Sixty percent of leprosy patients in the world are in India, said a Japanese philanthropist working to eradicate leprosy in India.
Speaking at an event here on Monday evening, Yohei Sasakawa, Chairman of The Nippon Foundation, said that his organisation, Sasakawa India Leprosy Foundation, was working hard to meet the government's target of making India leprosy-free by 2030.
He said that with India observing this year as the 150th birth anniversary of Mahatma Gandhi, known for his compassion for leprosy patients, Prime Minister Narendra Modi has managed to secure a large budget for fighting the disease.
Stating that leprosy patients face stigma and discrimination in society, Sasakawa said that figures made available show that there are around 850 colonies of these people in India.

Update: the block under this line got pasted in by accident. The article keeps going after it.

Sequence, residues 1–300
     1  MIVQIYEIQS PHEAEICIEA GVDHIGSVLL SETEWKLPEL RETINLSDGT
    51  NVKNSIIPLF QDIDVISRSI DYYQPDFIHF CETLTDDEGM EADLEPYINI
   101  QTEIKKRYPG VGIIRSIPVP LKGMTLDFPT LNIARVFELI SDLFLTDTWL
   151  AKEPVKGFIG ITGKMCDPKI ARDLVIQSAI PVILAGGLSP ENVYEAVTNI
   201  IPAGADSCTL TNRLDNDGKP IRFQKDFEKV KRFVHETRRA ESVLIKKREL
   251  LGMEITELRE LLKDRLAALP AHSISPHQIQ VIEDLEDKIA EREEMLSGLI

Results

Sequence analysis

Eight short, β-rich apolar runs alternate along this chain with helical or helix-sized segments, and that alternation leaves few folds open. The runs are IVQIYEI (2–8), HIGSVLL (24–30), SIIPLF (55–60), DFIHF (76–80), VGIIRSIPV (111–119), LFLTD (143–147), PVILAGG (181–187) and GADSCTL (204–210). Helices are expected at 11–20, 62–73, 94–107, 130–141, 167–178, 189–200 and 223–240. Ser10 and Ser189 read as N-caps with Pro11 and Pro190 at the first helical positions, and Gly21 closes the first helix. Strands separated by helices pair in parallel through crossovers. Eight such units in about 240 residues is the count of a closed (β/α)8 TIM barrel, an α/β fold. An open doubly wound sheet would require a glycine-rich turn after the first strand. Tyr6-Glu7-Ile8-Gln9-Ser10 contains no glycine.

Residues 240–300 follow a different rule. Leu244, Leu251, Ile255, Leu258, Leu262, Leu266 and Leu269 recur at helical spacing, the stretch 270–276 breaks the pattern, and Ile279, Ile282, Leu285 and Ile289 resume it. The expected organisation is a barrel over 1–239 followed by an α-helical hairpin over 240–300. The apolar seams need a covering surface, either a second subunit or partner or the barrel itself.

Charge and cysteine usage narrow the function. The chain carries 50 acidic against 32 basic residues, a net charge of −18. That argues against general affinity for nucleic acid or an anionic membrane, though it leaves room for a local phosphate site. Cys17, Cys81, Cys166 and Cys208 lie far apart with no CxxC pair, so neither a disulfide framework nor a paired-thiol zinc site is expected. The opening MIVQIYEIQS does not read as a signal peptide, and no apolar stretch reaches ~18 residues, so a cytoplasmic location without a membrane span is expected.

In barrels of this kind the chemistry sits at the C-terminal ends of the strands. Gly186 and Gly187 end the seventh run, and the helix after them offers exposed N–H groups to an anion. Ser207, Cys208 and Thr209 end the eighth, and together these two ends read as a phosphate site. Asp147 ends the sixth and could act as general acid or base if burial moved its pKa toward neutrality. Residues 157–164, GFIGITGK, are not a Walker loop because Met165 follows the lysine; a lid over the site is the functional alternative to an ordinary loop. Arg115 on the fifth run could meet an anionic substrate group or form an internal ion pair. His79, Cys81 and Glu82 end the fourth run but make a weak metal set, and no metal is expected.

"But a better survey might well take this number up to 1,500." The Japanese also said that, unlike many other countries, government officials in India were responsive and handle leprosy-related matters well. "Other countries cite lack of budget."
Sasakawa is of the view that young patients of leprosy should be provided vocational training so that they can start their own business living independently and said that the Sasakawa India Leprosy Foundation provides for this.
"That way, we can create a more inclusive society," he said.